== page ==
2. Properties of alloying additives

In a broad sense, steel is metal compounds with alloying additives, the basis of which is iron and carbon.

All the described physical properties of steels are due to the combination of all the chemical elements in the steel alloy. That is, from a chemical point of view, steel is a ligature of iron and iron carbides. The addition of carbon and other alloying elements to the alloy, combined with thermomechanical processing, gives the steel the necessary parameters for a particular purpose. Very often, or almost always, the steel has several chemical elements in the alloy, not just one.

2.1. Carbon

Carbon is found in nature (in its pure form) in the form of diamonds or graphite, as well as combined with natural oil, gas, coal and hydrocarbon, and has been known to mankind since ancient times.

Carbon is the most important alloying element in steel and is represented by the cementite compound - Fe3C. The importance of carbon in steel is due to its effect on steel properties and phase shift. The higher the carbon content, the harder but more brittle the steel is.

Mechanically speaking, the more carbon in steel, the lower the melting point, but it forms cementite and increases hardness and ductility.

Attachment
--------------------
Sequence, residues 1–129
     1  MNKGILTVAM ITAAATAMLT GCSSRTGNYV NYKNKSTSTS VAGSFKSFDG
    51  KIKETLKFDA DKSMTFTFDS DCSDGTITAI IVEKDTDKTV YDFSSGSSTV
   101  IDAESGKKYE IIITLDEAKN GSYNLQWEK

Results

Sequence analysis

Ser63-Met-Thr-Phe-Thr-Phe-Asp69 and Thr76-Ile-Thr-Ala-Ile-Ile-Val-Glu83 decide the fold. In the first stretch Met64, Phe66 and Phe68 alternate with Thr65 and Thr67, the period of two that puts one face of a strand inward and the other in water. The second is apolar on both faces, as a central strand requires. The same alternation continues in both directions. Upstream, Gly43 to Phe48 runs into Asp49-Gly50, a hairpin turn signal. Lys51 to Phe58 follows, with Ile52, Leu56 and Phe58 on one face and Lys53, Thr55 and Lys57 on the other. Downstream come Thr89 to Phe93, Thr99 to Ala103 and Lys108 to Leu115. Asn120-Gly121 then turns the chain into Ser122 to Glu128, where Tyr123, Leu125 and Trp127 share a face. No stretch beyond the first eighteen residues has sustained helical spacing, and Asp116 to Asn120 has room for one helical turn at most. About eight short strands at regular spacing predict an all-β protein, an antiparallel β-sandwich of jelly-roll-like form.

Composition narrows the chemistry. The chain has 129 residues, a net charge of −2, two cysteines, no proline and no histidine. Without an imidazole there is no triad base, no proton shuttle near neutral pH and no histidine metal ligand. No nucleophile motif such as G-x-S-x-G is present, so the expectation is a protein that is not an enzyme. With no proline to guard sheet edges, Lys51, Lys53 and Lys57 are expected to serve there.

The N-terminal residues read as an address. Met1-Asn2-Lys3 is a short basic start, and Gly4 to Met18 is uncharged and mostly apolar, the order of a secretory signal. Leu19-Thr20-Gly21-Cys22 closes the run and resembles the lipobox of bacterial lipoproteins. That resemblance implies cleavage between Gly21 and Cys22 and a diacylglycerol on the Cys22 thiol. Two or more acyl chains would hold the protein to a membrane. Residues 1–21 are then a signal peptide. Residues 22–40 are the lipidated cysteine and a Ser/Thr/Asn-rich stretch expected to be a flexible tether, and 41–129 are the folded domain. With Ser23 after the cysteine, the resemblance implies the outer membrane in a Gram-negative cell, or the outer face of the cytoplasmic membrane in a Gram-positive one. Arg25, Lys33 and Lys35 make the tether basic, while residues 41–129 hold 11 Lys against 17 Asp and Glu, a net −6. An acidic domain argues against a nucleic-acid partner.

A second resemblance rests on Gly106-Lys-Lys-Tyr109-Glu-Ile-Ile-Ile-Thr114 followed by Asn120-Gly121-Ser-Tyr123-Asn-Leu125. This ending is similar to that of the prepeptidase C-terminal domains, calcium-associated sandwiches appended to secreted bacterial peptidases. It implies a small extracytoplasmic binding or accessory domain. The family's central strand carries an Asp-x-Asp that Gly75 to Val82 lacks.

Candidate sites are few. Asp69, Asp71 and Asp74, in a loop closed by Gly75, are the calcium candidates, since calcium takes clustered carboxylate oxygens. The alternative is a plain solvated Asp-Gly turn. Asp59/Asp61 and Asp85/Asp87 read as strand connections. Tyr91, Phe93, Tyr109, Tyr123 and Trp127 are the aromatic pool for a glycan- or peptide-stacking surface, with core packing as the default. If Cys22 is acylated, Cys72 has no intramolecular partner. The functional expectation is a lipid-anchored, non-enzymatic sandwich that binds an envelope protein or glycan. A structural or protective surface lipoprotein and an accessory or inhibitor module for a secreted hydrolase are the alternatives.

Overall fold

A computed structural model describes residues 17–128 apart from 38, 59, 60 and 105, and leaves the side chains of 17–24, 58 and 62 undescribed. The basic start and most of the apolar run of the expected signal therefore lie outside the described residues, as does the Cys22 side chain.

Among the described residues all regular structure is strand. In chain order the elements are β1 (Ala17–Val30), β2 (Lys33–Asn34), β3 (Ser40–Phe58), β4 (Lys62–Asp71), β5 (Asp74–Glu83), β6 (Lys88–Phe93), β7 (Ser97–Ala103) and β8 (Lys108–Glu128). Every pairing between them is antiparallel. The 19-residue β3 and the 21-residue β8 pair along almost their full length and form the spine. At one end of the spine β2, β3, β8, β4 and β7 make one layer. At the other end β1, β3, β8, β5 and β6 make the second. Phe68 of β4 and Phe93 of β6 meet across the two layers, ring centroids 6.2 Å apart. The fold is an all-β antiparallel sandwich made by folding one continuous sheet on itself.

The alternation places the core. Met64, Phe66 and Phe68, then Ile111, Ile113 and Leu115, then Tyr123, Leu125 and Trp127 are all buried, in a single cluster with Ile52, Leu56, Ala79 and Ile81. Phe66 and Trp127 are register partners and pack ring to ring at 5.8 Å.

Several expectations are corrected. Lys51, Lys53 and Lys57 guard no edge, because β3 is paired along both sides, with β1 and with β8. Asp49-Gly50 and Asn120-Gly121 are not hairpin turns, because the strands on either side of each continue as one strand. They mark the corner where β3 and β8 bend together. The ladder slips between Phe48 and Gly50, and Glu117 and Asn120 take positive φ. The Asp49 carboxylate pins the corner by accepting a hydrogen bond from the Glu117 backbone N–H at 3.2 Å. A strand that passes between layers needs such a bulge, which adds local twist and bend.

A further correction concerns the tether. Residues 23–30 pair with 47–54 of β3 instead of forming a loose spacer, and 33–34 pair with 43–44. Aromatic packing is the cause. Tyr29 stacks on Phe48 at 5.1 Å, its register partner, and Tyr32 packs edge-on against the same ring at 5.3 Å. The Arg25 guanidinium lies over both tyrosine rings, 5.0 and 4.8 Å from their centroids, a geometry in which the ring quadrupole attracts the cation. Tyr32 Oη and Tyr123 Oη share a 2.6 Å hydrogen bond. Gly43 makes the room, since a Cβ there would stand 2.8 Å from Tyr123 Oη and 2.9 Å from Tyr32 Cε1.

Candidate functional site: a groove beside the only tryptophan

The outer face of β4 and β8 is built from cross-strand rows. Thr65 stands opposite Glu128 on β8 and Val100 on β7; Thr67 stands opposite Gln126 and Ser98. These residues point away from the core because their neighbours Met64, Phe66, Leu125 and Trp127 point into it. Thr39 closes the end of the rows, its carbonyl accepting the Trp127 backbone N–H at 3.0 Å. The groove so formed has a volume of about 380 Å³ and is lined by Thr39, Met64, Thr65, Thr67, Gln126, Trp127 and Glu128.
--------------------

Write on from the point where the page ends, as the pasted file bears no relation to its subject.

A metal alloyed compound based on iron is also considered to be steel if carbon is present within the range of 0.002% to 2.06%. Steel hardening, however, is only possible with carbon content starting at 0.3 %.

If there is more carbon in a steel alloy, it can lead to brittleness and lower forgeability, lower weldability and lower impact toughness.

If the steel lacks carbon, it can be enriched with carbon with the help of coal in the crucible.

2.2. Chromium

Chromium as an iron alloying element lowers ultra-fast critical cooling, increases wear resistance and heat resistance. Chromium increases strength and serves as a carbide-forming element. About 13% of chromium in the alloy drastically increase the corrosion resistance, that is why they use it for the production of stainless steels or to be more accurate conditionally stainless steels. In addition, chromium stabilizes ferrite chemical compounds and phase shifts.

However, chromium also has some negative effects - it may reduce impact strength, forgeability and weldability. On the other hand chromium lowers thermal conductivity, which in turn shifts the temperature treatment chart to another level.

If the alloy contains chromium, the steel can be quenched in open air or in oil. Chromium carbides increase sharpness edge retention, wear and heat resistance.

2.3. Manganese

The presence of manganese in steel improves forgeability, weldability, strength and wear resistance. Besides, manganese in iron has a positive effect on reducing the tendency to fracture during eutectoid transformation and has a ferrite-stabilizing effect in high-alloy steels.

Manganese increases the hardness and strength of ferrite and improves mechanical properties. In terms of heat treatment, it increases hardenability and removes excessive oxygen and sulfur, thereby resisting the formation of sulfides. The effect of this kind on steel also depends on the carbon content in the steel.

2.4. Molybdenum

Molybdenum is a transition metal and was often confused with lead in the past for its silvery white gloss. Today it is an important alloying element in the steel industry and is used in combination with other alloying elements.